But a “Meal Planning Notebook” tells a shopper exactly what they’d use the notebook for.


Sure, they could use a plain notebook for meal planning too, but a “meal planning notebook” sparks their imagination so they don’t have to come up with the idea on their own.


It also makes them realize; maybe a meal planning notebook would be helpful. Something they wouldn’t think if they were presented with a regular notebook.


You want to make it as easy as possible for a shopper to make a decision; to buy or not to buy.


When they must brainstorm all the ways they could use the notebook and then question if they’d actually use it, if it’s worth the money, and if they want to pull their wallet out, it’s making them do too much work.


When a shopper can imagine what they’ll use a product for and/or how it will fit in their lives, they’re more likely to buy.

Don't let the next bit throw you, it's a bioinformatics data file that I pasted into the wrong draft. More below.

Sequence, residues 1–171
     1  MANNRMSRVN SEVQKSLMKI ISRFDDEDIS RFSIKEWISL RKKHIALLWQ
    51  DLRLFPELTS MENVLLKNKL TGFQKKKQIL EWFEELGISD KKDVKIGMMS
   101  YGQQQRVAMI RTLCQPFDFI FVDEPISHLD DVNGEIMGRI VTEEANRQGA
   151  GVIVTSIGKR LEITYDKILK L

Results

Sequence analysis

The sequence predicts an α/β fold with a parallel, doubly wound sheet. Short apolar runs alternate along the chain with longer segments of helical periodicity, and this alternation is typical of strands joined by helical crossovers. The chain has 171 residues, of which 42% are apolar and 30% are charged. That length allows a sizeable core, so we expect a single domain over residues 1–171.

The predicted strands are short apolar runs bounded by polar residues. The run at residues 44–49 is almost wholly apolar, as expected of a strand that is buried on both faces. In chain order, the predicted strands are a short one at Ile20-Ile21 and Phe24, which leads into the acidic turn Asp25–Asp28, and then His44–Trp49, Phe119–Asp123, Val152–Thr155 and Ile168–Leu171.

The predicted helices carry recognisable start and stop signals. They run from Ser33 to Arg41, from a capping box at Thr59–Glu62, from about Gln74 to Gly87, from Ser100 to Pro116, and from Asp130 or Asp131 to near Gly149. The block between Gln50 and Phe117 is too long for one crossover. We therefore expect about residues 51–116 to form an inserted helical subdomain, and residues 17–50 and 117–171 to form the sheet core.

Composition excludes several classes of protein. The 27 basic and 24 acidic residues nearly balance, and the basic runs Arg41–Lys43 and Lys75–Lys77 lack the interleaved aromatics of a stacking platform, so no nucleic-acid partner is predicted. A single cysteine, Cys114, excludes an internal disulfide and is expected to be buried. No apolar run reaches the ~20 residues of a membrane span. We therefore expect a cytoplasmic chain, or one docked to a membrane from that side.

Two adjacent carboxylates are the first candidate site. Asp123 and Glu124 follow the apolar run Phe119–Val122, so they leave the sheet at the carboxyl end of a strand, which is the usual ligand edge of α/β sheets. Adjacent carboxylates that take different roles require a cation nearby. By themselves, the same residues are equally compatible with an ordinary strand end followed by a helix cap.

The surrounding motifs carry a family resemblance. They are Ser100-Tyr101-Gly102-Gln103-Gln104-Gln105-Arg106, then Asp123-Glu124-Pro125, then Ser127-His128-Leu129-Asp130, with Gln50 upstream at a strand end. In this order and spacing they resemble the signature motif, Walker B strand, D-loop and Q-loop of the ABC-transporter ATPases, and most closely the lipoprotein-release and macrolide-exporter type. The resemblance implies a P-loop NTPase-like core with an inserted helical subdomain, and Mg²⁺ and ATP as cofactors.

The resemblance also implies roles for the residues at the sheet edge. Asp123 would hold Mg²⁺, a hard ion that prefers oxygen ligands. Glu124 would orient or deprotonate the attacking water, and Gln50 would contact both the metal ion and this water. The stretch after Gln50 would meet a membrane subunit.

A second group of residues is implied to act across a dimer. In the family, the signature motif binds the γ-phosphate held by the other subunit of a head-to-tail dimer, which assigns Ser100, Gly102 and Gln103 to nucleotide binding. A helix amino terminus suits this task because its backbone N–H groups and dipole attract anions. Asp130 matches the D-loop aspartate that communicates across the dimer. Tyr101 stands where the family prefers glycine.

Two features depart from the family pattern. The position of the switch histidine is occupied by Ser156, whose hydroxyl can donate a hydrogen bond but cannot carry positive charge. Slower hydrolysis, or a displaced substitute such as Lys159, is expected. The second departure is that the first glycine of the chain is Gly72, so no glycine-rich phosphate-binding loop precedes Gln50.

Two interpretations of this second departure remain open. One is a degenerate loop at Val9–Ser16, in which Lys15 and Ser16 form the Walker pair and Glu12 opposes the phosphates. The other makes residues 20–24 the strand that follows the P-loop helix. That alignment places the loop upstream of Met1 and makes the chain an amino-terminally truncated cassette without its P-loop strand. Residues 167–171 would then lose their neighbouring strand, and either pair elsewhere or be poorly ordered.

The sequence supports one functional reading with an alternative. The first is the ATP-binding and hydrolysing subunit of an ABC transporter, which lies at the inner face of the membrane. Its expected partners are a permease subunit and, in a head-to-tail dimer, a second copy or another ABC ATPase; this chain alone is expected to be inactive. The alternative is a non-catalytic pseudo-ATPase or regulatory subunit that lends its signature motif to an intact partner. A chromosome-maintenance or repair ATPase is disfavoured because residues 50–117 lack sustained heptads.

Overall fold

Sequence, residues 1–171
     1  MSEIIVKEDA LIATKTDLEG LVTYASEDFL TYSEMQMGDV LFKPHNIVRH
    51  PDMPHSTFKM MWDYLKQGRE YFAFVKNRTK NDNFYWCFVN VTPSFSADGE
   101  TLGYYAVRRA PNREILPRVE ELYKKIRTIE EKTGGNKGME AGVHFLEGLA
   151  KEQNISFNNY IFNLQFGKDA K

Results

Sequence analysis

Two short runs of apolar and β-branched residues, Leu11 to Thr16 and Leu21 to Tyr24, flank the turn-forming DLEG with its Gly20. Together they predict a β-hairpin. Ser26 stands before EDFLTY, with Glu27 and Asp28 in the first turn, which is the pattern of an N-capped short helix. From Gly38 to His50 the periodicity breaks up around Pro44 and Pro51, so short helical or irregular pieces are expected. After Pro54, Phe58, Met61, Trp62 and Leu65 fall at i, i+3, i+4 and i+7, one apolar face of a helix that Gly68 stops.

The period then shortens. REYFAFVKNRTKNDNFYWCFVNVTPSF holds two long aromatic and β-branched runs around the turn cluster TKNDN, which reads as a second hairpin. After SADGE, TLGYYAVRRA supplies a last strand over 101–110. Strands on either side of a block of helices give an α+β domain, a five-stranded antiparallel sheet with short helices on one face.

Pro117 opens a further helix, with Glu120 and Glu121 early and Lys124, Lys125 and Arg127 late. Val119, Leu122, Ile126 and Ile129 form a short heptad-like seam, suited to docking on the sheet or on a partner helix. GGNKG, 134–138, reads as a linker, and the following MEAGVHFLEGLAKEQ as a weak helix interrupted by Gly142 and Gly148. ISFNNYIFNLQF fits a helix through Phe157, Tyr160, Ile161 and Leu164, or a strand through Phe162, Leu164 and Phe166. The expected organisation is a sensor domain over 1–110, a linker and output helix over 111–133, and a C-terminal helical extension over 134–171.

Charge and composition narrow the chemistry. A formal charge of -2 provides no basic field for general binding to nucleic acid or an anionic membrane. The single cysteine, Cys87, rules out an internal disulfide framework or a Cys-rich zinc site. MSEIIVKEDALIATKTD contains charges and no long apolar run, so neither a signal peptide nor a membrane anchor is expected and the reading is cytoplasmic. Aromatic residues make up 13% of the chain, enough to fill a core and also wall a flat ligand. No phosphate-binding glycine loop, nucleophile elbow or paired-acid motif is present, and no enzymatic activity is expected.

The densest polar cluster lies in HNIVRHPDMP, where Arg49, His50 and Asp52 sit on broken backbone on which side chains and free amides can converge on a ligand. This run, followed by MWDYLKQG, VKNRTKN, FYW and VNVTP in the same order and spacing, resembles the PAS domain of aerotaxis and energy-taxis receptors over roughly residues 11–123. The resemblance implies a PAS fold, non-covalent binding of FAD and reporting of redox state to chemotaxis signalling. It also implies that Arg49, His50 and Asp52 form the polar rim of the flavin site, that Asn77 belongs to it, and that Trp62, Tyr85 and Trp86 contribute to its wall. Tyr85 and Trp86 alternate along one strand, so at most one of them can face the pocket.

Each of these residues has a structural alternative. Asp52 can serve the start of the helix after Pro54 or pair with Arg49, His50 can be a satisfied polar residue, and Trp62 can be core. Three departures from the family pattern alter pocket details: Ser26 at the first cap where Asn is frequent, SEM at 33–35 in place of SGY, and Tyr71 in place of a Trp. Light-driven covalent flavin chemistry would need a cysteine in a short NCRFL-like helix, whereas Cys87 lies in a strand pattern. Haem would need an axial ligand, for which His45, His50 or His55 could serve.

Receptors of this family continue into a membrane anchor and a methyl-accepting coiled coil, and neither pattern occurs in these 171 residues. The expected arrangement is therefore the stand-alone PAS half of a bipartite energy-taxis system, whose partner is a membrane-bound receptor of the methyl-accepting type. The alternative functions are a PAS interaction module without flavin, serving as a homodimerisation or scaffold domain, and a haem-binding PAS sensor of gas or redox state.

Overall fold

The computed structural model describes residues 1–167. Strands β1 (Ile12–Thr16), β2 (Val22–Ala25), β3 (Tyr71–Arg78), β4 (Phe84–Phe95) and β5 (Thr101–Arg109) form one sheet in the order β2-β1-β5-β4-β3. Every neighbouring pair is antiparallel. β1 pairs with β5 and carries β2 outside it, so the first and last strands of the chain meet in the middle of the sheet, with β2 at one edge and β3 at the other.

Are Your Products Basic?

When I say “basic”, I don’t mean it in an insulting way, as though there’s nothing special about your products.


What basic means here is that:

There isn’t a purpose to a product beyond the basic purpose it’s meant to serve.


Examples of basic purposes would be:

  • The basic purpose of a bag is to hold items and/or be a fashion accessory
  • The basic purpose of a necklace is to accessorize
  • The basic purpose of soap is to cleanse
  • The basic purpose of a notebook is for writing notes


Buyer intent is about taking a product above and beyond its basic purpose.


When I started my handmade business, I was making bags that were simply fashion accessories. There wasn’t a purpose to them beyond that.


Sure, I was trying to make them different by using unique materials and coming up with my own designs, but in the consumers’ eyes, they were just another handbag.


There wasn’t a match between what shoppers were specifically looking for and what I was offering.